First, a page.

According to seasonal tendencies in the U.S. stock market, large-cap stocks are expected to outperform small caps for the remainder of 2023.
This may come as disappointing news for small-cap investors, as large caps have been performing better for several months. For example, the large-cap-dominated S&P 500 (SPX) has gained 17.4% year-to-date, while the iShares Russell 2000 ETF (IWM) has gained 6.1% and the iShares Micro-Cap ETF (IWC) has lost 2.3%.
The underperformance of small caps is likely to continue for the coming months due to compensation incentives for institutional investors. These investors often receive a year-end bonus if they outperform the S&P 500. As the year comes to a close, these investors have a strong incentive to align their portfolios with the S&P 500, even if they believe that small-cap stocks are undervalued. This is because they want to avoid the risk of falling behind the S&P 500 in terms of year-to-date gains.
A study conducted in 2003 by Lucy Ackert, a professor of finance, and George Athanassakos, a professor of finance, found that this relationship between compensation incentives and the market persists. The study was updated two years ago and confirmed the same pattern.
“ Once January rolls around, institutional investors’ compensation incentives shift in the small-caps’ favor. ”
The professors’ theory does contain some good news for small-cap investors, provided they are patient: Once January rolls around, institutional investors’ compensation incentives shift in favor of small caps. This is when their appetite for risk is the highest throughout the year.
Historical stock market data supports this theory. Since 1926, small-cap relative strength tends to be the highest in January and declines steadily as the year progresses.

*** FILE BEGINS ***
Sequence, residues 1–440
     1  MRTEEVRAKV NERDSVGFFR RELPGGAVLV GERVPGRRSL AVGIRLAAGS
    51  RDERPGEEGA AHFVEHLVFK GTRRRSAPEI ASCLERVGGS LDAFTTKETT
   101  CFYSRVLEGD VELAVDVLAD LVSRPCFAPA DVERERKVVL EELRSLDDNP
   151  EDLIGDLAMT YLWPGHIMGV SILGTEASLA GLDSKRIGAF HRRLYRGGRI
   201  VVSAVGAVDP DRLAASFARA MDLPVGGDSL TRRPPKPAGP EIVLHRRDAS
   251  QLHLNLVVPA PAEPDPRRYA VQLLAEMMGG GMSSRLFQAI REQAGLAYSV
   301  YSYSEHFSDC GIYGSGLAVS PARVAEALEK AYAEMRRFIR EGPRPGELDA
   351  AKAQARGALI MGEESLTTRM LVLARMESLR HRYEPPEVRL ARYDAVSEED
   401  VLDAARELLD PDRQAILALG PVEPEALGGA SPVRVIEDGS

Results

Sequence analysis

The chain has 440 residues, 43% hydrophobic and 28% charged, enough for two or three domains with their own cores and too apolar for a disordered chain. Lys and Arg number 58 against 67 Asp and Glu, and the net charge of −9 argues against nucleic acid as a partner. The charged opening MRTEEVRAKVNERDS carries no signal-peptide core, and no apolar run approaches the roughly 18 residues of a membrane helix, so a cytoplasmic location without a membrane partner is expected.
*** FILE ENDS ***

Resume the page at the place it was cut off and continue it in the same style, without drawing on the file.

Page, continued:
There are several ways to take advantage of large-cap relative strength in the stock market for the remainder of the year. One simple approach is to invest in an S&P 500 index fund, such as the SPDR S&P 500 ETF (SPY). Another strategy is to invest in SPY while simultaneously shorting an equal dollar amount of a small-cap fund, such as the iShares Micro-Cap ETF. This latter approach can be profitable even if the overall market declines, as long as small caps underperform large caps.
For those interested in investing in individual large-cap stocks, here are the 10 largest-cap stocks that are currently recommended for purchase by at least three investment newsletters:
|Stocks||Market Cap ($ billions)|
|Apple Inc (AAPL)||$2,858|
|Microsoft Corp (MSFT)||$2,466|
|Alphabet Inc (GOOG)||$1,652|
|JPMorgan Chase & Co (JPM)||$1,101|
|Bank Amer Corp (BAC)||$844|
|Morgan Stanley (MS)||$470|
|Pfizer Inc (PFE)||$217|
|Disney Walt Co (DIS)||$198|
|CVS Health Corp (CVS)||$150|
|Medtronic Plc (MDT)||$124|
Mark Hulbert is a regular contributor to MarketWatch. His Hulbert Ratings tracks investment newsletters that pay a flat fee to be audited. He can be reached at firstname.lastname@example.org